It boggles the mind

Xaayda Tiiga
Haida tea, Labrador tea
Ledum groenlandicum    -photo C. Davies

It’s summertime. At least…it’s supposed to be! These days are flying by with travel, visiting with family and friends, and getting out and about on Haida Gwaii. This is an active and fulfilling time of the year, but it doesn’t leave a lot of time for blogging, which is a little sad because I’ve discovered that blogging is something I really like doing. I very much enjoy the writing and, even more, I am the huge beneficiary of all the conversations that get generated in the process.

As summer came upon our household with all its busy-ness, I had been thinking about signing off for a couple of months and firing up again in September as winter settles in and there is more time to write and think. But I don’t really want to loose touch… disappear off the screen, so to speak. So here I am, moving on, and will post bits and pieces when I can, sort of like letters home from summer camp used to be in the old days; like when I actually took up a pen in my hand, scribbled out pages and pages of news, gossip, trivia and “deep thoughts” (all jumbled up together freeform) and posted the whole volume home snail-mail style.

So there will be fewer posts in the next little while, but guaranteed they’ll be longer than the 247 characters, or whatever it is, that can be contained in a texting message.

So far this year, the summer weeks on Haida Gwaii have been mostly cold and grey. The temperature has barely cracked 50 degrees F and we have had the household wood fire going every day. Nevertheless, the days are long and the light is good, so we do things like hike in the forest, have food and a fire on the beach (wearing wooly hats and warm jackets), swim in the ocean (not me personally, but the grandchildren do), walk along the river banks to find new mint leaves, watch (and hope) for berries to ripen, and (in my case) stumble around the peat bogs among the wildflowers and blooming shrubbery.

I’ve spent quite a lot of time this summer out wandering around the bog lands. It’s not hard to do. The wetlands are everywhere on these islands… high and low, far and wide. The highway from Tlell to Port Clements and north to Masset cuts straight through the bogs, swamps, fens and marshes of the Queen Charlotte Lowlands. Fifty miles and more of bog(!) if you are travelling up the highway in a straight line, more or less.

So today, after several expeditions into the wilds at Mayer Lake and Gold Creek over the past few weeks, I am sitting at home, still and quiet for the moment, contemplating a branch of newly bloomed and blossoming Xaayda Tiiga/Labrador Tea which I brought back with me a couple of days ago. What a beautiful thing it is… with its cloud of white-petalled blooms and its newly sprung yellow-green and fuzzy long leaves. It’s a fragrant sprig too. All along the highway there are banks of Xaayda Tiiga/Labrador Tea blooming everywhere, and if you stop to see and notice, the air is pungent and aromatic with their spicy, resinous smell.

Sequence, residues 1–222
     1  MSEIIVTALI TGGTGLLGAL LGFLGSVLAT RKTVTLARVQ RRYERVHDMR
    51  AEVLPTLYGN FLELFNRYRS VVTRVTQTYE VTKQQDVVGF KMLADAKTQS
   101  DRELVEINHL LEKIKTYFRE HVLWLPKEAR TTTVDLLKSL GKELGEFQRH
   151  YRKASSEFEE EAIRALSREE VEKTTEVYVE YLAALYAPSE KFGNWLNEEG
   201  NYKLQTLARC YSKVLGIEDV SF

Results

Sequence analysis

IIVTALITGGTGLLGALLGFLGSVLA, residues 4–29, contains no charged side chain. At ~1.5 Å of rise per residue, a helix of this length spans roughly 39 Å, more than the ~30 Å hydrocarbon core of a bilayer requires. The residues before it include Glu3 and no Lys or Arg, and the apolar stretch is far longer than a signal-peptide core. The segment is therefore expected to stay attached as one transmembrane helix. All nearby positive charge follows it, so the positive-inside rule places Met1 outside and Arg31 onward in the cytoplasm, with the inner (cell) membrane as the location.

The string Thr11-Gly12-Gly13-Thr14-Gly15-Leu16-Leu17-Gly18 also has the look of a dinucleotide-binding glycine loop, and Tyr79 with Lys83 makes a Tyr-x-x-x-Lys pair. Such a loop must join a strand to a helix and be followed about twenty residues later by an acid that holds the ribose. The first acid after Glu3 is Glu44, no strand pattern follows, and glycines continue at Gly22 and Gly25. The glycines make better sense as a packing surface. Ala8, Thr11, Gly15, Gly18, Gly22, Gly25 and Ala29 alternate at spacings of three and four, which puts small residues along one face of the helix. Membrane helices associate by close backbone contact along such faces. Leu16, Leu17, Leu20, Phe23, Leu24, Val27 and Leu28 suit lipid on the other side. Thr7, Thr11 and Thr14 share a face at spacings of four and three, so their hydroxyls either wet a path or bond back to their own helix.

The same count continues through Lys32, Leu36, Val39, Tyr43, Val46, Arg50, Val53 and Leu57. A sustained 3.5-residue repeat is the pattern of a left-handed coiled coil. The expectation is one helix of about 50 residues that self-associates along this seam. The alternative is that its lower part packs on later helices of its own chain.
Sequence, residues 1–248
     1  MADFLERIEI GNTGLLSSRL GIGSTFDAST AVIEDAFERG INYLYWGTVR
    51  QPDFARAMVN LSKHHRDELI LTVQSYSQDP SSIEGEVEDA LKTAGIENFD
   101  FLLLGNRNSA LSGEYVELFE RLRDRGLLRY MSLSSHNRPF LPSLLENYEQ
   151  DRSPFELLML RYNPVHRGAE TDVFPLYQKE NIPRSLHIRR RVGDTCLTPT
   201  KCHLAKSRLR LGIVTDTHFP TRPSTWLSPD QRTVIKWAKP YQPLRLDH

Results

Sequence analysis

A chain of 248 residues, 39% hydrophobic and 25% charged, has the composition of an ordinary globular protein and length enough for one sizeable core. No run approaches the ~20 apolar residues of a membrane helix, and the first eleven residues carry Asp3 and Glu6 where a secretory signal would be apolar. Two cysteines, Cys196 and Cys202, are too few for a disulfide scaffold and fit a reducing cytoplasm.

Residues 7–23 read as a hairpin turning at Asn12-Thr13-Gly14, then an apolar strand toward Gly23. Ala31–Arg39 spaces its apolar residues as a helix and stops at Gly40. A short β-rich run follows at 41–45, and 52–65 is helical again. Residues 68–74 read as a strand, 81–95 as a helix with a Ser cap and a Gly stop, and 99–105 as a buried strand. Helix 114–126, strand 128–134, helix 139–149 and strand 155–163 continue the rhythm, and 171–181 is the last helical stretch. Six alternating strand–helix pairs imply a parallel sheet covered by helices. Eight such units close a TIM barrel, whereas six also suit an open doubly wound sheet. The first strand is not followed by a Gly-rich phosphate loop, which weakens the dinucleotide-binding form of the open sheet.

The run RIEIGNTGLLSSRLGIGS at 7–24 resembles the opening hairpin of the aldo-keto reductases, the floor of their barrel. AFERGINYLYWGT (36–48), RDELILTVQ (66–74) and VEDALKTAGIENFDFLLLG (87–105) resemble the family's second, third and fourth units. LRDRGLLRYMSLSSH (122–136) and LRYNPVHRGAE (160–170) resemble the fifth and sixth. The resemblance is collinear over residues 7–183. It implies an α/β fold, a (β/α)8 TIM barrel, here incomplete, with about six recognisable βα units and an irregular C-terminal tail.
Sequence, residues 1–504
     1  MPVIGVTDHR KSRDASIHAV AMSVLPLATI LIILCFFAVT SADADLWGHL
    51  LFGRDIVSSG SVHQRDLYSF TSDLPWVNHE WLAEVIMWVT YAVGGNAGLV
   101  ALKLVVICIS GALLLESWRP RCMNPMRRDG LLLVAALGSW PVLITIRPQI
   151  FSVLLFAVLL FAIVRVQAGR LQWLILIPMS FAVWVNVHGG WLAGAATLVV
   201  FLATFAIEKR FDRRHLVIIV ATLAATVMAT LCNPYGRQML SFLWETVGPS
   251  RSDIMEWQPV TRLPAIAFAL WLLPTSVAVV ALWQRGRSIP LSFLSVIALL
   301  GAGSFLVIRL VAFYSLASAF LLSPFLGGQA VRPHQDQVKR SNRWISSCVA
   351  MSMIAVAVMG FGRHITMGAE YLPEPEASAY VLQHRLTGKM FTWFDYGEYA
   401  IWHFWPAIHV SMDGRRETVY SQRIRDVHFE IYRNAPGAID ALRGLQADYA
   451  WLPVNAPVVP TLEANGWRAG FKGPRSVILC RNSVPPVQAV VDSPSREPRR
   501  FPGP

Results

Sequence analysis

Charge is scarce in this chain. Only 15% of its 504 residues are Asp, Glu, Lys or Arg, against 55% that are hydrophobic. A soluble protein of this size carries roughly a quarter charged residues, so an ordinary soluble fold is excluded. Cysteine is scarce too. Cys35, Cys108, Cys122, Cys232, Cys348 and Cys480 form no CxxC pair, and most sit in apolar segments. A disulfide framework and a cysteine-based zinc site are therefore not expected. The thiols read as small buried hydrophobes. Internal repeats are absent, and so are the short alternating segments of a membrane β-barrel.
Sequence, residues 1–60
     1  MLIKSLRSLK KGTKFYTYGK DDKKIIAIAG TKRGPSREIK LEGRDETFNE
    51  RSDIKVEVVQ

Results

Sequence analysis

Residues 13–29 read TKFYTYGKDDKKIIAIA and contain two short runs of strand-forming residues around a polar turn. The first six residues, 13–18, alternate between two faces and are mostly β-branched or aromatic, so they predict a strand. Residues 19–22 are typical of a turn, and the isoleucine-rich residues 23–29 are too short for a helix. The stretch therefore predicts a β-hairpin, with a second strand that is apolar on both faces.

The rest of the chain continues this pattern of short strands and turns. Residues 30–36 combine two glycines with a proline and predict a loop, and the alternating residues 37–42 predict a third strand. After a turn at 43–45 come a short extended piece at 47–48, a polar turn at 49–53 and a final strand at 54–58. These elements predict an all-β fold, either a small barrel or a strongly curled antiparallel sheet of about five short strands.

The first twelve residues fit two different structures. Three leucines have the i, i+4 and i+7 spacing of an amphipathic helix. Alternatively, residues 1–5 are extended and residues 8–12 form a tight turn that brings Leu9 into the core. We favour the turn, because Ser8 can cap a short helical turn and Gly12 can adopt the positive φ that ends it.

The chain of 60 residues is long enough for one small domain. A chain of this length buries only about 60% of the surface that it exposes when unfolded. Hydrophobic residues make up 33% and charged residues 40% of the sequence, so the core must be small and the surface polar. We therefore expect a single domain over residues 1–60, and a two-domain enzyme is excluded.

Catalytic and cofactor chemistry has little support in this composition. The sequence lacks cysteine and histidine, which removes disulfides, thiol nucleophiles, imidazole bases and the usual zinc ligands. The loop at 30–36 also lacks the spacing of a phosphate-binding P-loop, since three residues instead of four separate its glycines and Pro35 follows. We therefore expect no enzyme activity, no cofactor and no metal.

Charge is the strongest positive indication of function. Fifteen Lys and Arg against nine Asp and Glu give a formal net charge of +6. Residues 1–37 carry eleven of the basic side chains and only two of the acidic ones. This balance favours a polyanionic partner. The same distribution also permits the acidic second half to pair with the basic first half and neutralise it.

I used to think that a swamp was a swamp, that a swamp was the same as a bog, or even a marsh. And that whatever they were, as land forms they were all wet, mucky and un-interesting. Except for Jane Austen’s literary wanderings, did I know what a moor was, or a fen? Nope, not likely.

Fortunately, in these summer days, my thinking is under dramatic revision…and has been for some time. It’s a whole world of new-to-me discovery. Through a wide-cast reading effort, and rambling observations, I am learning that the world of bog flowers, shrubs and grasses is intricate and complex…exotic even, a marvel of evolution and adaptation.

It takes hundreds of years, thousands of years in many cases, for bogs to form. It’s a matter of climate and water flow, the history of which is held deep in the ground by layers upon layers of peat deposition–the decayed and decaying remains of that ancient plant, the sphagnum moss.

Bog lands are not only one of the worlds most important carbon sinks, they are also ecosystem “powerhouses.”  A few drops of water squeezed from a wet clump of bog moss contains hundreds of microscopic species.  One scientist apparently counted a mind-boggling 32,000 tiny animals in a single clump of sphagnum moss growing in a bog pool. So that puts the mucky bogs right up there with coral reefs and tropical rain forests in terms of ecological productivity.

Who would-da thought?

I didn’t.

And here it all is, reflected in this tiny sprig of humble Xaayda Tiiga/Labrador Tea, with its lovely blooms, and its specially adapted woolly leaves and stems, found ubiquitously in all the ditches from Tlell to Port Clements and beyond.

Posted in Uncategorized

To avoid the jabberwocky, vigilance is required

It continues to amaze me that such a rigidly formalized rite as the quasi-judicial Enbridge environmental review hearings can pack such an emotional punch, and jab with such dignified persistence at the towering realms of power represented by three human beings sitting so nondescriptly at a small table on uncomfortable chairs in the anonymity of a community gymnasium.